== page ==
Stellar spectral-type (mass) dependence of the dearth of close-in planets around fast-rotating stars. Architecture of Kepler confirmed single-exoplanet systems compared to star-planet evolution models

García, R. A.; Gourvès, C.; Santos, A. R. G.; Strugarek, A.; Godoy-Rivera, D.; Mathur, S.; Delsanti, V.; Breton, S. N.; Beck, P. G.; Brun, A. S.; Mathis, S.
Bibliographical reference

Astronomy and Astrophysics

Advertised on:
Number of authors
IAC number of authors
Refereed citations
In 2013 a dearth of close-in planets around fast-rotating host stars was found using statistical tests on Kepler data. The addition of more Kepler and Transiting Exoplanet Survey Satellite (TESS) systems in 2022 filled this region of the diagram of stellar rotation period (Prot) versus the planet orbital period (Porb). We revisited the Prot extraction of Kepler planet-host stars, we classify the stars by their spectral type, and we studied their Prot-Porb relations. We only used confirmed exoplanet systems to minimize biases. In order to learn about the physical processes at work, we used the star-planet evolution code ESPEM (French acronym for Evolution of Planetary Systems and Magnetism) to compute a realistic population synthesis of exoplanet systems and compared them with observations. Because ESPEM works with a single planet orbiting around a single main-sequence star, we limit our study to this population of Kepler observed systems filtering out binaries, evolved stars, and multi-planets. We find in both, observations and simulations, the existence of a dearth in close-in planets orbiting around fast-rotating stars, with a dependence on the stellar spectral type (F, G, and K), which is a proxy of the mass in our sample of stars. There is a change in the edge of the dearth as a function of the spectral type (and mass). It moves towards shorter Prot as temperature (and mass) increases, making the dearth look smaller. Realistic formation hypotheses included in the model and the proper treatment of tidal and magnetic migration are enough to qualitatively explain the dearth of hot planets around fast-rotating stars and the uncovered trend with spectral type.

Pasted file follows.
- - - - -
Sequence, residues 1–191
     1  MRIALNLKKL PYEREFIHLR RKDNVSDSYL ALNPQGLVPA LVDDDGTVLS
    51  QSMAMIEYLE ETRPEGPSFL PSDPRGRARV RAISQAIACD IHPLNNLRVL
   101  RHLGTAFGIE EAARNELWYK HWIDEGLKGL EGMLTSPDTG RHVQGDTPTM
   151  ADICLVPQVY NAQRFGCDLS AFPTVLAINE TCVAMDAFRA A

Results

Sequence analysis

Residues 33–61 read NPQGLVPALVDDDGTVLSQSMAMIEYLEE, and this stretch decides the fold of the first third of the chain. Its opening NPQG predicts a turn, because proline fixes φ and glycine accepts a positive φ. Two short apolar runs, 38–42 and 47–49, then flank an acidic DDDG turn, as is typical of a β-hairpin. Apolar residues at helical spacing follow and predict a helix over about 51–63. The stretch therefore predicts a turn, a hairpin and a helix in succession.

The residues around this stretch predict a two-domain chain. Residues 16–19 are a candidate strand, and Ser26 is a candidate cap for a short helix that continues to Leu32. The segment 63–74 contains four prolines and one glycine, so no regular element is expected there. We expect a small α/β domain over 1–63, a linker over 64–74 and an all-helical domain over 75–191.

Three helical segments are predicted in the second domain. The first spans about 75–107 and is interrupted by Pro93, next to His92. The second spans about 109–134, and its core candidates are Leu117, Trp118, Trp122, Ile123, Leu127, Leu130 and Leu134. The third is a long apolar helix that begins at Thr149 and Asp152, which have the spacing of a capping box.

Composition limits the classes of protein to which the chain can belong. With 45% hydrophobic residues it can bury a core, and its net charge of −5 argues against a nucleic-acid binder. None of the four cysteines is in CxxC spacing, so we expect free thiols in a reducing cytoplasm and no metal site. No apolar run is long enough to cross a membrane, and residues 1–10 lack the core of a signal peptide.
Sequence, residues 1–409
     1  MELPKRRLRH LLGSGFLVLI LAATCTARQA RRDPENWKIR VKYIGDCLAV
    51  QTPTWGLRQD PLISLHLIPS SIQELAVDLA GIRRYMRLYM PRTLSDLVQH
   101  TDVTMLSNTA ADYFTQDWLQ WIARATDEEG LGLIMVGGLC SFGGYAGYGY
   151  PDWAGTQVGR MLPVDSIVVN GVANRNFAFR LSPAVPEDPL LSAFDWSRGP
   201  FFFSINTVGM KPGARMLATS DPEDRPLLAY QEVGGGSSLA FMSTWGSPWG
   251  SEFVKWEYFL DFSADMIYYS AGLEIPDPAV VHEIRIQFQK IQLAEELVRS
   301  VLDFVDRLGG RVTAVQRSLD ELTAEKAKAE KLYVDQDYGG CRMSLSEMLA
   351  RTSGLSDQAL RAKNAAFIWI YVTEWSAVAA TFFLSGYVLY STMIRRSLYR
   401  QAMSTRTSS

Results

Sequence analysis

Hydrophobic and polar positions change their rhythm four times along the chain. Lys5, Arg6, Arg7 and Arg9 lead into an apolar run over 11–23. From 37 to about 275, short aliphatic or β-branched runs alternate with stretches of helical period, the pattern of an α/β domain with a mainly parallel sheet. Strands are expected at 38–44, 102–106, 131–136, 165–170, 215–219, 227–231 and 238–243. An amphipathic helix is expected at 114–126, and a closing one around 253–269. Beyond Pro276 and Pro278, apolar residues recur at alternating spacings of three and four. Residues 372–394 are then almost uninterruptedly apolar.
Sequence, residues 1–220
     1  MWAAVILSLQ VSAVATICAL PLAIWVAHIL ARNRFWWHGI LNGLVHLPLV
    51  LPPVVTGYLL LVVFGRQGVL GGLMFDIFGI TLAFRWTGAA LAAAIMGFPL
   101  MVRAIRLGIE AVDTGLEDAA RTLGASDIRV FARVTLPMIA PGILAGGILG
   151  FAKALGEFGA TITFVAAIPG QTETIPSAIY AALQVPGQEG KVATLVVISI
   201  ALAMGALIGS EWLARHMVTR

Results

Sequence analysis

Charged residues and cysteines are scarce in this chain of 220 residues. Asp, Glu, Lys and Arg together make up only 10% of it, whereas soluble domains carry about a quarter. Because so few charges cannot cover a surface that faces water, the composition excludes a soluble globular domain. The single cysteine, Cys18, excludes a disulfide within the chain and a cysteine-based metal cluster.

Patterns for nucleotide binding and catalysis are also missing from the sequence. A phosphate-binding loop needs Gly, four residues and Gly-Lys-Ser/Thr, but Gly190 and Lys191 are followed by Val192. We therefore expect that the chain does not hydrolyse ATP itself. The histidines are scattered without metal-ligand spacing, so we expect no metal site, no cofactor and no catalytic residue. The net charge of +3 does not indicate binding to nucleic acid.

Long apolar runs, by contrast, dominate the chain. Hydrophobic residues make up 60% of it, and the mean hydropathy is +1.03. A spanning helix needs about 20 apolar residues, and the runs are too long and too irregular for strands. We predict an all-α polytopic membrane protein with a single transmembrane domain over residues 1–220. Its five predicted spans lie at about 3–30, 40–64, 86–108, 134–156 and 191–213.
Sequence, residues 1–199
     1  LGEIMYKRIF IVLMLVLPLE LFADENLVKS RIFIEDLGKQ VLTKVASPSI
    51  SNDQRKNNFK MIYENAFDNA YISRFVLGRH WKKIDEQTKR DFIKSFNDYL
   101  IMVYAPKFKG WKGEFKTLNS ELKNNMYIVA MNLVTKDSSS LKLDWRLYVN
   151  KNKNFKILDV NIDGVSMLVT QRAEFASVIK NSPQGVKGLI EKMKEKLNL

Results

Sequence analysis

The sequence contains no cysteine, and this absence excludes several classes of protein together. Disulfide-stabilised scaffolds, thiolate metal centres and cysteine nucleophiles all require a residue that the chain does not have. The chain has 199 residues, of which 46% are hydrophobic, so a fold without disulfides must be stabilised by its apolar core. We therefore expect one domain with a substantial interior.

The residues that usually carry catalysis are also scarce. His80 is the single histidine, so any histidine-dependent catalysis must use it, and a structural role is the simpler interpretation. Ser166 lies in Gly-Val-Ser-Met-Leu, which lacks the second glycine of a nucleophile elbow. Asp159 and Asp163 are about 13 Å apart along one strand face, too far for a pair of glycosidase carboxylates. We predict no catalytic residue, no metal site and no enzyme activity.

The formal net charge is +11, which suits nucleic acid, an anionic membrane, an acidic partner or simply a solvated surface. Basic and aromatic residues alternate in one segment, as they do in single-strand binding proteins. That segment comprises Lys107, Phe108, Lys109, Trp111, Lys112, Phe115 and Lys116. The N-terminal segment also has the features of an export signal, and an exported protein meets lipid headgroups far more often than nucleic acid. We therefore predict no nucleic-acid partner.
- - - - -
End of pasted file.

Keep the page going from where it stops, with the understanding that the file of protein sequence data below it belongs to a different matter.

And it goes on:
Full Table 1 is available at the CDS via anonymous ftp to ( or via

Related projects
Helio and Asteroseismology
Helio and Astero-Seismology and Exoplanets Search
The principal objectives of this project are: 1) to study the structure and dynamics of the solar interior, 2) to extend this study to other stars, 3) to search for extrasolar planets using photometric methods (primarily by transits of their host stars) and their characterization (using radial velocity information) and 4) the study of the planetary
Projects' name image
Exoplanets and Astrobiology
The search for life in the universe has been driven by recent discoveries of planets around other stars (known as exoplanets), becoming one of the most active fields in modern astrophysics. The growing number of new exoplanets discovered in recent years and the recent advance on the study of their atmospheres are not only providing new valuable
Pallé Bago